Most feature films show multiple images to set the scene. This is something you can easily do with carousel ads.

#6: Consider the Platform

No matter what your story, if you want to stand out, think about the channel first. Look at the platform’s audience, whether it’s Facebook or Instagram, and what they expect out of it. Then design an ad that speaks to them.

For example, Buick hit it out of the park on Instagram with these ads about its new 24-hour test drive service. The photography is beautiful (an Instagram must), and it uses a popular photo filter. Buick is also leveraging some of the top content categories that receive the most engagement by users on Instagram: fashion and fitness.

carousel ad example

Make sure whatever story you tell, it’s in alignment with the platform.

Develop a channel-specific story that makes the best use of the platform, and increases engagement with your intended audience.

#7: Leave Your Audience Wanting More

If there’s a place to break the rules of storytelling, here it is: do not give a conclusion. Rather than offering a natural ending, lure users into clicking the learn more button, so they can finish the story on your custom landing page.

For example, Sour Patch Slurpee takes viewers through the first four images of a Sour Patch Kid story. So much excitement is generated that users want to see what comes next. After they click, they’re directed to a landing page that extended the “party” to its audience. This custom landing page asks users to share their #SPKSlurpeeSelfies.

carousel ad example

Create a story that leaves users clicking for more.

The purpose of carousel ads is to increase awareness and engagement. However, the ultimate goal is to get the audience to continue the experience and click through to a landing page. When that happens, you’re able to establish a relationship, continue the interaction and possibly capture your users’ information.

Final Thoughts

With today’s cluttered ad space, it’s getting harder to really stand out. If you want to build a breakthrough carousel ad, start by creating an engaging story that takes your audience along for the ride.

What do you think? Do you use storytelling in your carousel ads? What techniques are most effective? Which brands’ ads really stand out? Please share your thoughts in the comments section below.

tell stories with facebook and instagram carousel ads

Tips for telling stories with Facebook and Instagram ads.

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  • Nice post!

    I admit that I’ve never seen a carousel ad and will look for them in my New Feed. Of course, that’s the problem. I don’t pay attention to my FB News Feed because I’m too busy writing and managing pages (companies may not budget for ads – don’t ask). Trying to keep up with every little nuance of social media may be trickier than what was thought possible. 🙂

  • Carrie Ann Rathbun Hawks

    I totally agree! I think all of this is great and would love to do it, but it would take up all of my time, while clients are paying for lots of other things besides social media. guess I need to be more thoughtful about how I can apply these great ideas and be assertive with proposing them. Then it’s “gee, how do I get this done?”…LOL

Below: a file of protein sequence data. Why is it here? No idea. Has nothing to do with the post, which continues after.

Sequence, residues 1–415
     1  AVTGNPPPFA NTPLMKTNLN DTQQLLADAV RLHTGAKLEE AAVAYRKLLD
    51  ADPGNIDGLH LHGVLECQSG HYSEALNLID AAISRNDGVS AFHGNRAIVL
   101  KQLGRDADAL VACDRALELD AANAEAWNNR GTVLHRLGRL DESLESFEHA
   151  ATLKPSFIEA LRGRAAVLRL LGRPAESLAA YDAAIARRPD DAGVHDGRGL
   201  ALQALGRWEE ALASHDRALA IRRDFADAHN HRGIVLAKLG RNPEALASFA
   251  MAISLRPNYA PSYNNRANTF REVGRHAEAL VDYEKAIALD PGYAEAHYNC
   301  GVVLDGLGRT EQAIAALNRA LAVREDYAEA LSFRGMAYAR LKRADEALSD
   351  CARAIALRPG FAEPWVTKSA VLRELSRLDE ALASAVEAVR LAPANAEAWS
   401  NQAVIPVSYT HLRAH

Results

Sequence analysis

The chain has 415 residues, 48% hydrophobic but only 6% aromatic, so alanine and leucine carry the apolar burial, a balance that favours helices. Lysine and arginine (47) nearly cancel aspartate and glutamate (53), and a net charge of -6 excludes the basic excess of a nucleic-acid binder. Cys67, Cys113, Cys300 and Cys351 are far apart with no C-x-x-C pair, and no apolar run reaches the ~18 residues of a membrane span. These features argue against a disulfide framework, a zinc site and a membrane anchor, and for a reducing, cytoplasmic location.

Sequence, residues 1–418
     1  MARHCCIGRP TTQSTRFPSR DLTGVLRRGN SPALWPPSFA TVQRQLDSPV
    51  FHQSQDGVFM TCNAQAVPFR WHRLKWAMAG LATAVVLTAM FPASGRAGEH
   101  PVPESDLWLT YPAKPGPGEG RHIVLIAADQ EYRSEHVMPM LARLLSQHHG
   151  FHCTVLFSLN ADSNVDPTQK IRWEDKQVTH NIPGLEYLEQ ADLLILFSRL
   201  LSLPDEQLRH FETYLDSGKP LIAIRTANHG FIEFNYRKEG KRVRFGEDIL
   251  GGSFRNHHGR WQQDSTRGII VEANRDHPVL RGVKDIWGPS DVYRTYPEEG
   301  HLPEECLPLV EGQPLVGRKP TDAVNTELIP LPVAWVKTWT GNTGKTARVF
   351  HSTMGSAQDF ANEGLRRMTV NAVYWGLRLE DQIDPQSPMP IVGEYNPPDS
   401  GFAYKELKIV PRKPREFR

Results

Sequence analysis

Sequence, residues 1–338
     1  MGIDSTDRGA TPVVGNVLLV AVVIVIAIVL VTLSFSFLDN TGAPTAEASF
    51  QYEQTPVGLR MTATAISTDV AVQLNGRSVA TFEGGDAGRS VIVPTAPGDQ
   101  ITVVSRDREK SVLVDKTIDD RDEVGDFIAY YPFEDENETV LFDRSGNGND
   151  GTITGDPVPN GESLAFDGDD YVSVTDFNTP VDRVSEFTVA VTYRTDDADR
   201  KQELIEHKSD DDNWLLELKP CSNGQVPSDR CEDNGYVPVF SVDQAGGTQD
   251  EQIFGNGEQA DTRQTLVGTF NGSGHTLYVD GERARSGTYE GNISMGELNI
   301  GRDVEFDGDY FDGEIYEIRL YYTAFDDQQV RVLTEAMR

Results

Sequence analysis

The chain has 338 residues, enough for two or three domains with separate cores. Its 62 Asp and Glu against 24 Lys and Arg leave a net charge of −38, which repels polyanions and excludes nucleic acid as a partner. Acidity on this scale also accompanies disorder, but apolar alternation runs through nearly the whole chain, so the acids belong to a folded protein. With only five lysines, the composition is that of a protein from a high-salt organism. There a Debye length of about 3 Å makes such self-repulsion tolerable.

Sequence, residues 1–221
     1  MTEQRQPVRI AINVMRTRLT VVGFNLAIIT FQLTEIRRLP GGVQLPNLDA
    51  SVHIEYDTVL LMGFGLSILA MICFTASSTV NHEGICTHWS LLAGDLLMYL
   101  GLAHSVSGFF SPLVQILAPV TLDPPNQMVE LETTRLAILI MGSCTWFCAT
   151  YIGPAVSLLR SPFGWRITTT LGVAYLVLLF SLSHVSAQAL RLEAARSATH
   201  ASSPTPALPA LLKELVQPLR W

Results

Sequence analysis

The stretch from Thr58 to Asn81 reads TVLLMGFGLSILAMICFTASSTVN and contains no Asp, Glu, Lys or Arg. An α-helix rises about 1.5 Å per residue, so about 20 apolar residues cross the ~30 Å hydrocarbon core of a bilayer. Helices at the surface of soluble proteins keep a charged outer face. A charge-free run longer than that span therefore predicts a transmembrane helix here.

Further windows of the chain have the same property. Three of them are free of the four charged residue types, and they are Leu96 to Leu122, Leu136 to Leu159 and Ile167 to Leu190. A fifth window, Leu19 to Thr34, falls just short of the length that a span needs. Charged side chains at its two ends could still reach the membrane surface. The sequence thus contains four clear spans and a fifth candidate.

• What software and or apps do you recommend for creating the carousel ads? Both for adding text, and for creating what I assume is a ‘slide show’ effect. I haven’t seen one of these ads yet but they sound great!

  • Faline Jones

    This sounds like a great way to take my carousel ads to a new level in Facebook. However, I’ve had the understanding that the carousel photos are given different priority as the ad goes on based on which photos get the most clicks. Those would be placed at the beginning of the carousel as the ad continues to reach new people. So, then it would always be shifting as the ad went on. Do you know if this is true? It would not make for good story telling then.

  • I can’t even keep up with my email (300 a day), and take care of grandkids, and participate in writing groups, keep up with my own writing (WIP), keep up with FB friends, family, etc. Trying to keep a platform, ehance it for best effect, and keep up with day to day stuff is already sapping my energy. When/where do I draw the line?

  • OMG you just gave me the best idea for an ad on something I’m working on right now – can hardly wait to give it a try!

  • I would recommend hiring a VA or hiring out your social media if this is something you can’t keep up with. Doing it all will keep you small girl! 😉
    It’s scary to do, but think of how much more money you could make with, say, 5 extra hours to focus solely on finding new clients? It easily covers the cost.

  • This option can be turned on or off when creating your ad.

  • Faline Jones

    Awesome, thanks for the tip. I’ll have to look for that the next time I create a carousel. And I am going to tell a story!

  • Michael Kerrisk

    Can someone please point me to where I might find information about advertising on Instagram?

  • Ben Guez